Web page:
Ascorbyl Palmitate | American Society of Baking
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Ascorbyl Palmitate

What is ascorbyl palmitate?

Ascorbyl palmitate is a food additive used as an antioxidant. It is an ester of ascorbic acid (Vitamin C) and palmitic acid.¹,²

  • In baking, ascorbyl palmitate is used as an antioxidant or preservant to improve product shelf life of fat-based systems, like frostings and fillings.
  • It may also be used as a functional ingredient to enrich foods with vitamin C. ¹,²


Ascorbyl palmitate (6-O-Palmitoyl- L -ascorbic acid) is obtained from the reaction of palmitic acid and L-ascorbic acid through chemical or enzymatic catalysis. It can also be obtained from the condensing reaction of palmitoyl chloride and ascorbic acid. ¹,²,³

Lloyd A Hall, an American chemist identified the antioxidant properties of ascorbyl palmitate and developed methods to use other antioxidants like citric acid, lecithin and propyl gallate to prevent food oxidation. ¹,²,³

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Ascorbyl palmitate has several functions in bakery products: ¹,²,³

Benefits of ascorbyl palmitate in breadmaking include: ¹,²,³


Ascorbyl palmitate has similar health effects to ascorbic acid (Vitamin C). It is more bioavailable than ascorbic acid due to its liposoluble nature. Ascorbyl palmitate aids several physiological processes such as iron absorption and tissue repair. It can help decrease cancer and cardiovascular disease risk. ¹,²,³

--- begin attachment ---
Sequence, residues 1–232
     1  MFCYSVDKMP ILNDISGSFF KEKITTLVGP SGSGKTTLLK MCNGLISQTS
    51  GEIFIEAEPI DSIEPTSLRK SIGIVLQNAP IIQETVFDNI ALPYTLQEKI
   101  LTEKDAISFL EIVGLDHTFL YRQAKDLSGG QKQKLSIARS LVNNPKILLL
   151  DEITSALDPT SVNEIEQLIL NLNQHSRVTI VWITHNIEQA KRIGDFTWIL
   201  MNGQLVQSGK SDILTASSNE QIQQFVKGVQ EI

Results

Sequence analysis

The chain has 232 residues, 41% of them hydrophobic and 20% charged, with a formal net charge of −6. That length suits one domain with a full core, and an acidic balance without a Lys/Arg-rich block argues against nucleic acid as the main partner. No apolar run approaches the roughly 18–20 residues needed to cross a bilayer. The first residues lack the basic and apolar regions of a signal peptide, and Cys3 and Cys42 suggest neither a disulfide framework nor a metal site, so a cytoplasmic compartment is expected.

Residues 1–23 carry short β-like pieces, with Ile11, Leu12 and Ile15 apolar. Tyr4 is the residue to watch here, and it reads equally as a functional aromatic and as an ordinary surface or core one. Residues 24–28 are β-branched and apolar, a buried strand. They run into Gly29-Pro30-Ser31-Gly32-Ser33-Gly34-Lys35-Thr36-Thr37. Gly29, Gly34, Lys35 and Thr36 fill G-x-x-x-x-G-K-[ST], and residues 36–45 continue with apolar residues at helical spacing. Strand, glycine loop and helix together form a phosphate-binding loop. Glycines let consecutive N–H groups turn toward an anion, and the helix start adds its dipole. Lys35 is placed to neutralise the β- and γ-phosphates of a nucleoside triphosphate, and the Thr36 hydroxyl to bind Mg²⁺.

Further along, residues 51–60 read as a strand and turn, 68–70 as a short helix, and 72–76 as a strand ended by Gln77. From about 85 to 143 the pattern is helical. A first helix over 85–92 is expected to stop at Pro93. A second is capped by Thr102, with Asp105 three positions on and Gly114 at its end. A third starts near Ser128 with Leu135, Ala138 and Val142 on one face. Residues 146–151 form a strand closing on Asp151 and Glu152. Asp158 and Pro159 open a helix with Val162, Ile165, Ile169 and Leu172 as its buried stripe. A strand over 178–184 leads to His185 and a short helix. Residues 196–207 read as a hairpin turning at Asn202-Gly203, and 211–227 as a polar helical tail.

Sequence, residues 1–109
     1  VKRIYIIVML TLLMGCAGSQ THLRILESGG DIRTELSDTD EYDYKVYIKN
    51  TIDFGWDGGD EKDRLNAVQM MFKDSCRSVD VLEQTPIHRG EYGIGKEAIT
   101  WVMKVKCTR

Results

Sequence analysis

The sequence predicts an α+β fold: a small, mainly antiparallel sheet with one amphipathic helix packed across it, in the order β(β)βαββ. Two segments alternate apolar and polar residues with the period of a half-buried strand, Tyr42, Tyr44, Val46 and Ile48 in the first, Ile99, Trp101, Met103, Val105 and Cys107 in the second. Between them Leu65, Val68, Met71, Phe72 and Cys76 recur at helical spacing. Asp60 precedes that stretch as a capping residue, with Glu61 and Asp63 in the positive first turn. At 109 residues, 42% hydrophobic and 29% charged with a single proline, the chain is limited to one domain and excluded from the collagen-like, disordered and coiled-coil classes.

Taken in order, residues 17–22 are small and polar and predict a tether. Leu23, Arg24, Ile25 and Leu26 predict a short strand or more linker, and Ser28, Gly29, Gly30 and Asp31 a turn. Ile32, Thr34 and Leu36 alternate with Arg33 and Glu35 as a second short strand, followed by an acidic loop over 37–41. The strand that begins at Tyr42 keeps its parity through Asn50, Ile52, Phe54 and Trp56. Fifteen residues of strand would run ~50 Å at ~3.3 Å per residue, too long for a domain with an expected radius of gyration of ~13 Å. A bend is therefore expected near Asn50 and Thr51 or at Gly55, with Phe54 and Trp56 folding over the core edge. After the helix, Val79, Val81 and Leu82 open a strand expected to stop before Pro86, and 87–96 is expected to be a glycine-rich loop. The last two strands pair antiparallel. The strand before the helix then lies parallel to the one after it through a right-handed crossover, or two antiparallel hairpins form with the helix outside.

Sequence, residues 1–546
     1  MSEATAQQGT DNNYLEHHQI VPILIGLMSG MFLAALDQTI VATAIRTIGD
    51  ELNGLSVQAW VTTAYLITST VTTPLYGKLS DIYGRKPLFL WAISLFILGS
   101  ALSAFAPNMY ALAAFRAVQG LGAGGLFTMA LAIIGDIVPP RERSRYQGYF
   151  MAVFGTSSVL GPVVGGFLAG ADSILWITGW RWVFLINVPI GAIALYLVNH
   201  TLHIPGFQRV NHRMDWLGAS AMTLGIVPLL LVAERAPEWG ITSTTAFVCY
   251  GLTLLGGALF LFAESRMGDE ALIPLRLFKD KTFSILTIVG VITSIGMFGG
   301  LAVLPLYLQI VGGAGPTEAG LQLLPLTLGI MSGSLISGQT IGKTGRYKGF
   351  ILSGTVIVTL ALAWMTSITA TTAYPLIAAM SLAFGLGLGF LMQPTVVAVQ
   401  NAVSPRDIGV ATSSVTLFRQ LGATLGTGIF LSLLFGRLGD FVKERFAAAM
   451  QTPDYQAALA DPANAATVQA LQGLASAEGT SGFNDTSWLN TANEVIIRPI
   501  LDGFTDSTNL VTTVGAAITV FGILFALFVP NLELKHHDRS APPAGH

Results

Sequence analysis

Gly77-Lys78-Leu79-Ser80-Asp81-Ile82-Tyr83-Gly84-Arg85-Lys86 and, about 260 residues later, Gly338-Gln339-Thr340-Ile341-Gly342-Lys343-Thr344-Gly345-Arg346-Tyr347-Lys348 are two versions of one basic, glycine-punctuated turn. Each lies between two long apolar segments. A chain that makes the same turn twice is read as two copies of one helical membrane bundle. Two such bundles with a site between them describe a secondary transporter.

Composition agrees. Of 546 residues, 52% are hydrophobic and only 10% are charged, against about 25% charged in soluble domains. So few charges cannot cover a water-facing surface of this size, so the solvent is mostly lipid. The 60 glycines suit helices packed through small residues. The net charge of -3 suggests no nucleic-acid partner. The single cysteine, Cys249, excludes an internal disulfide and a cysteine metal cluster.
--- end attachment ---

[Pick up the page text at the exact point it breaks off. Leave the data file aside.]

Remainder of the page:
Commercial production

Ascorbyl palmitate is commercially produced through the two following processes: 

Chemical process: ²

Enzymatic process:


Ascorbyl palmitate is commonly used in fat-based systems such as fillings and frostings. However, positive effects have been found in bread making, just like ascorbic acid. 

Some considerations when working with ascorbyl palmitate: ¹,³

Levels of ascorbyl palmitate in some food products:¹

Product Usage level Effect
Animal fat 0.01-0.02% Combination with tocopherols and lecithin effectively retards oxidation in fatsA mix of 500 ppm ascorbyl palmitate and 100 ppm tocopherol decreases beef tallow oxidation
Vegetable fat 0.01-0.02% Enhances shelf life at 0.01%
Butter 0.001-0.02% Antioxidant
Whole milk powder 0.01-0.05% Stabilizes up to 6 months at 0.5%

Ascorbyl palmitate is more effective than butylated hydroxyanisole (BHA), butylated hydroxytoluene (BHT) and propyl gallate (PG) in vegetable oils. ¹


Ascorbyl Palmitate is considered GRAS by the FDA, when used under the appropriate good manufacturing practices.4

In the EU, ascorbyl palmitate (E 304) is regulated by EU Commission Regulation No 1925/2006.5


  1. Madhavi, Dl L., S. S. Deshpande, and Dattajirao K. Salunkhe. Food antioxidants: Technological: Toxicological and health perspectives. CRC Press, 1995.
  2. EFSA Panel on Food Additives and Nutrient Sources added to Food (ANS). “Scientific Opinion on the re‐evaluation of ascorbyl palmitate (E 304 (i)) and ascorbyl stearate (E 304 (ii)) as food additives.” EFSA Journal 13.11 (2015): 4289.
  3. Ensminger, Marion Eugene, and Audrey H. Ensminger. Foods & Nutrition Encyclopedia, Two Volume Set. CRC press, 1993.
  4. Food and Drug Administration (FDA). US Department of Health and Human Services. CFR Code of Federal Regulations Title 21, Part 182 Substances Generally Recognized as Safe, Accessed 14 September  2020.
  5. European Commission (EC). Commission Regulation NO1925/2006 of the European Parliament and of the Council of 20 December of 2006 on the addition of vitamins and minerals and of certain substances to foods . Official Journal of European Communities, 20 December 2006.